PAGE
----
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Biol Psychiatry. 1999 Apr 15;45(8):1049-52.

Lack of correlation between cerebrospinal fluid thyrotropin-releasing hormone (TRH) and TRH-stimulated thyroid-stimulating hormone in patients with depression.

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  • 1National Institute of Mental Health, Biological Psychiatry Branch, Bethesda, MD 20892, USA.



It has been proposed that elevated central thyrotropin-releasing hormone (TRH) is associated with the blunted thyroid-stimulating hormone (TSH) response to TRH in patients with depression. Few studies have directly evaluated this relationship between central nervous system and peripheral endocrine systems in the same patient population.


15 depressed patients (4 male, 11 female, 12 bipolar, and 3 unipolar) during a double-blind, medication-free period of at least 2 weeks duration, underwent a baseline lumbar puncture followed by a TRH stimulation test. Cerebrospinal fluid (CSF) TRH and serial serum TSH, free thyroxine, triiodothyronine, prolactin, and cortisol were measured. A blunted response to TRH was defined as a delta TSH less than 7 microU/mL.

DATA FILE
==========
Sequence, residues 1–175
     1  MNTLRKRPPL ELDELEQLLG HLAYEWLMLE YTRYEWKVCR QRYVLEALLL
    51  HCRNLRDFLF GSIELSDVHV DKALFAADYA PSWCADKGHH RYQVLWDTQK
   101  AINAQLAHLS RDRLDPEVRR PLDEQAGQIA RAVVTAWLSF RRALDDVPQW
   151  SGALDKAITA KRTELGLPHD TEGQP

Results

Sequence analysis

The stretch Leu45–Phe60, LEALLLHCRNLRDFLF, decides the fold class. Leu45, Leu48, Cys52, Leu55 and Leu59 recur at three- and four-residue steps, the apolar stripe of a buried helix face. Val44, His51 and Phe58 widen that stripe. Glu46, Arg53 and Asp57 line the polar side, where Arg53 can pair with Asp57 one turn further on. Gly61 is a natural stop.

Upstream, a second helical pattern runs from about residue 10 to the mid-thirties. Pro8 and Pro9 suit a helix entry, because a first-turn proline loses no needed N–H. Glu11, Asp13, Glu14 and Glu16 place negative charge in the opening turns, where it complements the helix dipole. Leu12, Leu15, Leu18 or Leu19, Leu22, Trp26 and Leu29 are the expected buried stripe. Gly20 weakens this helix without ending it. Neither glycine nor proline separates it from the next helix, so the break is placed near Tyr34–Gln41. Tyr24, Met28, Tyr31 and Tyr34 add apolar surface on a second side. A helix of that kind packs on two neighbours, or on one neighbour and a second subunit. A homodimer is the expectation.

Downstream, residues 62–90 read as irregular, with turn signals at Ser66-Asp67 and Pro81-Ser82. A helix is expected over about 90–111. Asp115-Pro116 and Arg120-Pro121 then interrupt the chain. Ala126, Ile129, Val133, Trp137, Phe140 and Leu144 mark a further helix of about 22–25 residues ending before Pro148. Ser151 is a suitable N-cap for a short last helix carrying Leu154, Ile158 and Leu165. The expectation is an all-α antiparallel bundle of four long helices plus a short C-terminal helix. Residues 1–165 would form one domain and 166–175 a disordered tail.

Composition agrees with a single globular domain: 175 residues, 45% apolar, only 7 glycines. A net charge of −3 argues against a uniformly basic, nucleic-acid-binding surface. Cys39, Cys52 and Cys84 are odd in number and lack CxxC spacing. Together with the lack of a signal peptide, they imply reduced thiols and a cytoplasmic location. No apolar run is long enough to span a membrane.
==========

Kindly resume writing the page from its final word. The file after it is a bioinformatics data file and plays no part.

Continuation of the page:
There was no significant difference in mean CSF TRH between "blunters" (2.82 +/- 1.36 pg/mL) and "non-blunters" (3.97 +/- 0.62 pg/mL, p = .40). There was no evidence of an inverse relationship between CSF TRH and baseline or delta TSH. There was no correlation between CSF TRH and the severity of depression or any other endocrine measure.


These data are not consistent with the prediction of hypothalamic TRH hypersecretion and subsequent pituitary down-regulation in depression; however, CSF TRH may be from a nonparaventricular nucleus-hypothalamic source (i.e., limbic area, suprachiasmatic nucleus, brain stem-dorsal raphe) and thus, not necessarily related to peripheral neuroendocrine indices.

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